Ascending the mountain we found to be very difficult from the rocks and its steepness.
The trail up to Mono Pass, past Walker Lake (named after Jo Walker) is very steep too. They are most likely near South Sardine Lake. The creek from Walker Lake to Mono Lake is called Walker Creek.
This day we made but poor speed, and encamped on the side of the mountain.
October 16. (6 days) Continued our course until in the afternoon, when we arrived at what we took for the top, where we again encamped, but without any thing to eat for our horses, as the ground was covered with a deep snow, which from appearance, lays on the North side of the peaks, the whole year around.
These peaks are generally covered with rocks and sand, — totally incapable of vegetation; except on the South side, where grows a kind of Juniper or Gin shrub, bearing a berry tasting similar to gin.
Here we passed the night without anything to eat except these gin berries, and some of the insects from the lake described above, which our men had got from the Indians.
The insects were most likely the Alkali fly that Paiutes called the pupae “kutsavi,” and during the summer would harvest it and use is as a main source of food and the berries the Western Juniper (Juniperus occidentalis) that are found in this area & grows at 9840 feet.
We had not suffered much from cold for several months previous to this; but this night, surrounded as we were with the everlasting snows on the summit of this mountain, the cold was felt with three fold severity.
In taking a view the next morning of the extensive plains through which we had travelled, its appearance is awfully sublime.
As far as the eye can reach, you can see nothing but an unbroken level, tiresome to the eye to behold.
Looking toward the East with Mono Lake at the bottom.
To the West the aspect is truly wonderful.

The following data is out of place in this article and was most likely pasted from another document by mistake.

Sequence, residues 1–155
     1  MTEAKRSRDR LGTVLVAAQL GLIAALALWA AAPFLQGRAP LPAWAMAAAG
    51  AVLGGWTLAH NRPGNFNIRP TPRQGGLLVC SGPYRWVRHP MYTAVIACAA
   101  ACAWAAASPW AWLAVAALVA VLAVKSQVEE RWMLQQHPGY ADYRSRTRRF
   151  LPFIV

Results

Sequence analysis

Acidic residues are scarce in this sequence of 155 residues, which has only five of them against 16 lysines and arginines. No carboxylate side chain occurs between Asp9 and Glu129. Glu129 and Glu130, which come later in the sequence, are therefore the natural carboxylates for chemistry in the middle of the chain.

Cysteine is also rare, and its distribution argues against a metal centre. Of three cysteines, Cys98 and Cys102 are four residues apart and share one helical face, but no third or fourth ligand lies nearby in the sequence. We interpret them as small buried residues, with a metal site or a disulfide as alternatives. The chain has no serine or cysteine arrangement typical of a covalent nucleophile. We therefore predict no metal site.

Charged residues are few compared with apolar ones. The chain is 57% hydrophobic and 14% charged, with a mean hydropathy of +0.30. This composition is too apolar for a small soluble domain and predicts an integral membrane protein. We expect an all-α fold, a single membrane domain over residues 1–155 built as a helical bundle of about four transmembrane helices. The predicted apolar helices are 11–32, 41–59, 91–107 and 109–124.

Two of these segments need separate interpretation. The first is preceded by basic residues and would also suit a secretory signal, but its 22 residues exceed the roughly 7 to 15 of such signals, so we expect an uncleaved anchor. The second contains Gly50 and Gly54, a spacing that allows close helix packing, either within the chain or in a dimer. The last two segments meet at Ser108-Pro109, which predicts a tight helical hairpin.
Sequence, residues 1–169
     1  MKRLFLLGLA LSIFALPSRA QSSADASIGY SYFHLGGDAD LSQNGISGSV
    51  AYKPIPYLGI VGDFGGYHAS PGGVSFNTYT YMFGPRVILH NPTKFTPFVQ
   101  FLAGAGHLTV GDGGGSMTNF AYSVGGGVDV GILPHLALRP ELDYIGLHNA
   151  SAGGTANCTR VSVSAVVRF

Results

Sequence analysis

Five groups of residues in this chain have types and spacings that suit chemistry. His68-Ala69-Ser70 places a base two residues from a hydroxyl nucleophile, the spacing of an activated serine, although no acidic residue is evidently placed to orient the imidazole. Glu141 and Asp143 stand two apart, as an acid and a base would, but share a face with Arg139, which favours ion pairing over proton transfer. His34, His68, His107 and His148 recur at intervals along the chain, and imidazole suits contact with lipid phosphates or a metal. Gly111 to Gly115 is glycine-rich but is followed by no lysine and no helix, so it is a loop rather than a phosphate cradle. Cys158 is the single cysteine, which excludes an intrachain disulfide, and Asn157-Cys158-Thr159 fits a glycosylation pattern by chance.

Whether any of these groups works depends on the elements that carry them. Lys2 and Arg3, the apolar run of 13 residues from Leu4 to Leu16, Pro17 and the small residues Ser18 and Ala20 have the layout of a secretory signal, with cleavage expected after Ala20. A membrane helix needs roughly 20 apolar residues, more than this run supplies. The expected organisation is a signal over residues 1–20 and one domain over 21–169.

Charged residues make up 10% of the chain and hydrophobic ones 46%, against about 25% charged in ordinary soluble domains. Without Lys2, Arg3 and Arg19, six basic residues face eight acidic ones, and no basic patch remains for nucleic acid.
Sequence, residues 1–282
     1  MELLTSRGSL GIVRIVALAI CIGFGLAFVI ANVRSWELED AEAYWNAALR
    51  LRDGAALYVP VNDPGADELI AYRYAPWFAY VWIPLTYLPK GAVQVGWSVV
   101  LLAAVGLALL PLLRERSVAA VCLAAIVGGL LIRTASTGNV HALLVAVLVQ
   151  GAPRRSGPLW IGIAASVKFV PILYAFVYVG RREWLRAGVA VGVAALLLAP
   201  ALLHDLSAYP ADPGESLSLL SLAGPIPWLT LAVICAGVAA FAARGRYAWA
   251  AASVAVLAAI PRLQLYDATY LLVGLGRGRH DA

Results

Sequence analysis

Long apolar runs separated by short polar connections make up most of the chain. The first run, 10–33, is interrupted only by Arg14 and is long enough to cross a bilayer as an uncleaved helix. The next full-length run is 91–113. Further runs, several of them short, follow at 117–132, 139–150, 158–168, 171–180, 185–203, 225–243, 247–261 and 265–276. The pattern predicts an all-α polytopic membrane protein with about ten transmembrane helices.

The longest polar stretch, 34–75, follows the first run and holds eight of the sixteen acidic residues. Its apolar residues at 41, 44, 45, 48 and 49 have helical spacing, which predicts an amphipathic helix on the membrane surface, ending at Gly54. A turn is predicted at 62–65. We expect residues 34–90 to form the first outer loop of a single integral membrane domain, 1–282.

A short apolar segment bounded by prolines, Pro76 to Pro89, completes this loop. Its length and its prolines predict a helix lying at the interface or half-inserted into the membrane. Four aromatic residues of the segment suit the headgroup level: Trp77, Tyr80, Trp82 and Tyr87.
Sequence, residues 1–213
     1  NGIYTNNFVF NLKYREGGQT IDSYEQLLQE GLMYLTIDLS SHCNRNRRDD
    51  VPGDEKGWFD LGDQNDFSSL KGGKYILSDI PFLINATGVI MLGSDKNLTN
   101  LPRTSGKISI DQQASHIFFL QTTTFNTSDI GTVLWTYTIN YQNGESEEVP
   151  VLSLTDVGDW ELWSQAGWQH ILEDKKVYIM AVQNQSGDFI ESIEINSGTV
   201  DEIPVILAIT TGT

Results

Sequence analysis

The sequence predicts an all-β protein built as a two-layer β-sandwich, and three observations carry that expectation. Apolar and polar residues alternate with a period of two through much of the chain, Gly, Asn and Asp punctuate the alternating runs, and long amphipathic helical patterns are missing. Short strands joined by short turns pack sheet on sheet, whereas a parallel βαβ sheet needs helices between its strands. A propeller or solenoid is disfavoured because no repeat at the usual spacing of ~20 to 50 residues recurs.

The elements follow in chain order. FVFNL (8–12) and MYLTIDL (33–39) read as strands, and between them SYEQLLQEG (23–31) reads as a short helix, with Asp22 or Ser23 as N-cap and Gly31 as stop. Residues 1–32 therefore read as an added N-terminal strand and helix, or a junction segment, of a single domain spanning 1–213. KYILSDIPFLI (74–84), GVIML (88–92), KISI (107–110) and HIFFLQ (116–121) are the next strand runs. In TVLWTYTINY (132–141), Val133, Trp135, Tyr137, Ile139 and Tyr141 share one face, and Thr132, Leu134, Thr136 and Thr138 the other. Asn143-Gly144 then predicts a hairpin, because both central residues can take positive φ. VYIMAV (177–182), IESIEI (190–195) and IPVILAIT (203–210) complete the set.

The above two pictures are only 4 miles apart. Leonard goes on to explain where they had been.
The sight meets with nothing but a poor sandy plain, extending from the base of the Rocky mountains to the level below — interposed with several rivers winding their way, here and there forming innumerable lakes, having their margins thinly adorned with a few withering and fading cottonwood trees — where the water ceases to flow, and sinks into the sand.
But this is not all.
The rivers which head in this mountain, all lead towards the East, as if to meet those from the Rocky mountains, and likewise empty into the lakes.
This will all change as they head down the meadow and move away from the summit.
The next morning it was with no cheerful prospect that each man prepared himself for travelling, as we had nothing to eat worth mentioning.
As we advanced, in the hollows sometimes we would encounter prodigious quantities of snow.
When we would come to such places, a certain portion of the men would be appointed alternately to go forward and break the road, to enable our horses to get through; and if any of the horses would get swamped, these same men were to get them out.
In this tedious and tiresome manner we spent the whole day without going more than 8 or 10 miles.
In some of these ravines where the snow is drifted from the peaks, it never entirely melts, and may be found at this season of the year, from ten to one hundred feet deep.
From appearance it never melts on the top, but in warm weather the heap sinks by that part melting which lays next the ground.